In an effort to increase affordable housing in the city and comply with a new state law, the City of Citrus Heights has been taking steps to ease regulations on garage conversions and secondary dwelling units.
Last month, Citrus Heights planning commissioners unanimously voted to recommend a new set of draft regulations that modify regulations on accessory dwelling units and make it easier for proposed garage conversions to meet replacement parking requirements. The draft regulations are slated to be heard by the city council later this month, with a final vote in July.
Update: Citrus Heights council members later voted to approve the new regulations.
Assembly Bill 2299 and Senate Bill 1069, which came into effect in January of this year, sought to create more affordable housing in the state by requiring that cities drop certain difficult-to-meet building regulations in order to make it easier to add secondary dwellings on single-family residential properties.
When passed in the California legislature last year, the housing bills received bi-partisan support, with Senator Jim Nielsen (R-Tehama) and Assemblyman Ken Cooley (D-Rancho Cordova) each voting for the bills. Both Nielsen and Cooley represent Citrus Heights and the surrounding region in the state legislature.
“The state said we are in need of affordable housing, so, jurisdictions you need to comply with the state regulations as far as approving [accessory dwelling units] and allowing them in different locations,” Citrus Heights Associate Planner Allison Bermudez explained to commissioners during a May 24 meeting.
Secondary dwellings and other forms of independent living units, now both called “accessory dwelling units” or ADUs, are either detached or attached to a primary residential structure and provide permanent provisions for living, sleeping, eating, cooking and sanitation. ADUs are often used as an affordable way for seniors to live independently while being close to family, and are also rented out to others to provide supplemental income to the property owner.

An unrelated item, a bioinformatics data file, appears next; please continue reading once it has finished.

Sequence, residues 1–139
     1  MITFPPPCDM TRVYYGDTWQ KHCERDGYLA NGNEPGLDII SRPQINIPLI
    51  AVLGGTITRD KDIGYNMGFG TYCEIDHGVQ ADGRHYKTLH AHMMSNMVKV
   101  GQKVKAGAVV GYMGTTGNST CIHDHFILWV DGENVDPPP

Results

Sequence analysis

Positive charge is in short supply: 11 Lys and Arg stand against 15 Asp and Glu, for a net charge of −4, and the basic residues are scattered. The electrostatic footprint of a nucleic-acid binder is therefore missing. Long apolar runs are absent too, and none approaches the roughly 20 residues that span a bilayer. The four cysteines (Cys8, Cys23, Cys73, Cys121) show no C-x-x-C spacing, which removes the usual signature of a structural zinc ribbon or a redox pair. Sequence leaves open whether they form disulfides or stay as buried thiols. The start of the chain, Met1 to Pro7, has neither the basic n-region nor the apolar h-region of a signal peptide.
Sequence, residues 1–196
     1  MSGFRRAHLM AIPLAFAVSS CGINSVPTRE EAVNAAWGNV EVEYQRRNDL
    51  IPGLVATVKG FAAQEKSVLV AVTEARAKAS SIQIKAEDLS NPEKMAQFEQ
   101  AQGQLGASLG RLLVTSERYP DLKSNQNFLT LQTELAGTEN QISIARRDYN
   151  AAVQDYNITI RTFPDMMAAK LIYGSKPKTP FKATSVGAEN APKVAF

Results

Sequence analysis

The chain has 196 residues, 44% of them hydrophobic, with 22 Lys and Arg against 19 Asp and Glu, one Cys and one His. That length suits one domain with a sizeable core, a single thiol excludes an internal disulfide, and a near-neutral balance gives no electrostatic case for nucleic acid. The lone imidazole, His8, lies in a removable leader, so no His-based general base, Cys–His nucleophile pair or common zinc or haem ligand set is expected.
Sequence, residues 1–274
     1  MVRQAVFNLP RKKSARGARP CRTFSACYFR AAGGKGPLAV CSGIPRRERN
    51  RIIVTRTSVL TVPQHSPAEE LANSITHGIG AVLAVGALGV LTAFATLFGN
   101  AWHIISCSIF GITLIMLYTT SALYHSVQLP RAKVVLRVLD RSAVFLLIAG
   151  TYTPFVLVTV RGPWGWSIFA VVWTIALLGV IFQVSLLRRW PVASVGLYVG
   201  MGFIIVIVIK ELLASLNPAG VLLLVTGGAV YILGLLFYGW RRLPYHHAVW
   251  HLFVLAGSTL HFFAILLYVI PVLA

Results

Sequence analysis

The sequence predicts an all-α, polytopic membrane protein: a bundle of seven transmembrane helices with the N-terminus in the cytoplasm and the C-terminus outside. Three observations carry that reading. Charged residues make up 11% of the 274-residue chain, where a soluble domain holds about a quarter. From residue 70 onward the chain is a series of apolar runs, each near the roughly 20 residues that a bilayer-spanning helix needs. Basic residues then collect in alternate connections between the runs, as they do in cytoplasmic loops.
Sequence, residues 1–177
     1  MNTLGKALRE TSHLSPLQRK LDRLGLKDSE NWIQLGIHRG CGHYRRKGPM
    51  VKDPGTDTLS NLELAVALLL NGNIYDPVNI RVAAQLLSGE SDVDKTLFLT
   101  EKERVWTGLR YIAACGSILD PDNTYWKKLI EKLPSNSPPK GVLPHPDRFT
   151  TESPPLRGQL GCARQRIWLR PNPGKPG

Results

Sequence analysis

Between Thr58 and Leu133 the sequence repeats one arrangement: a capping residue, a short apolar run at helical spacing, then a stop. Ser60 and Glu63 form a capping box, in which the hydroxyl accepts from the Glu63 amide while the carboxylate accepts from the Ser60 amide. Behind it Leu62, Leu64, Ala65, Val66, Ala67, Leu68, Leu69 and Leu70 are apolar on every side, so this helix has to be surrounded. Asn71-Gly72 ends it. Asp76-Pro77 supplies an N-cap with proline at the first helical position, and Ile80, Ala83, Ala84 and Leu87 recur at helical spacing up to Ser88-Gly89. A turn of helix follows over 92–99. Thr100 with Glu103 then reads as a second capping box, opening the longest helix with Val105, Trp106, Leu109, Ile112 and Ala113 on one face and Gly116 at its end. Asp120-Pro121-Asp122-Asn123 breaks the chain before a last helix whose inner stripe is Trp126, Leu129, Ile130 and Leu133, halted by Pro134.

Proposed changes address items like dwelling size, fire sprinklers, and utility connection fees, but Bermudez told The Sentinel the most significant change in the city deals with parking requirements associated with ADUs and garage conversions — which have prevented many residents from being able to obtain a permit.
She said previously, residents would have to add one parking spot per bedroom added, and could not count the driveway or setback areas. But under the new state law, cities cannot require additional parking if the property is located within a half-mile of public transit.
Since about 80 percent of Citrus Heights is within a half-mile of public transit, according to a study by the city’s planning division, Bermudez said a discretionary recommendation was made to drop the additional parking requirement altogether for ADUs to create a clear and consistent policy city-wide. Garage conversions into ADUs or living space would still be required to have replacement parking — but driveway spots, tandem parking, and setback areas would qualify for replacement parking, whereas currently they do not.
Document: See full draft regulations, page 21-44
Bermudez said the new proposed regulations will give residents “an option to meet their family needs, and do it legally, and convert their garages legally and make sure people are living in safe spaces.”
Other items in the proposed regulations include a 1200-square-foot maximum size for detached ADU’s and an approval process required within 120-days of an application being submitted. Additional information about the proposed changes is included below in the city’s draft version of frequently asked questions about ADUs:
Draft Version: Frequently Asked Questions – ADU’s
*Source: City of Citrus Heights
What are the benefits of an ADU?
ADUs are a cost-effective type of home that provides independent living space for family members and others. This flexible living space can be used to allow seniors live independently while being close to family, can provide an affordable living space for students and young professionals, and can help provide supplemental income for the property owner.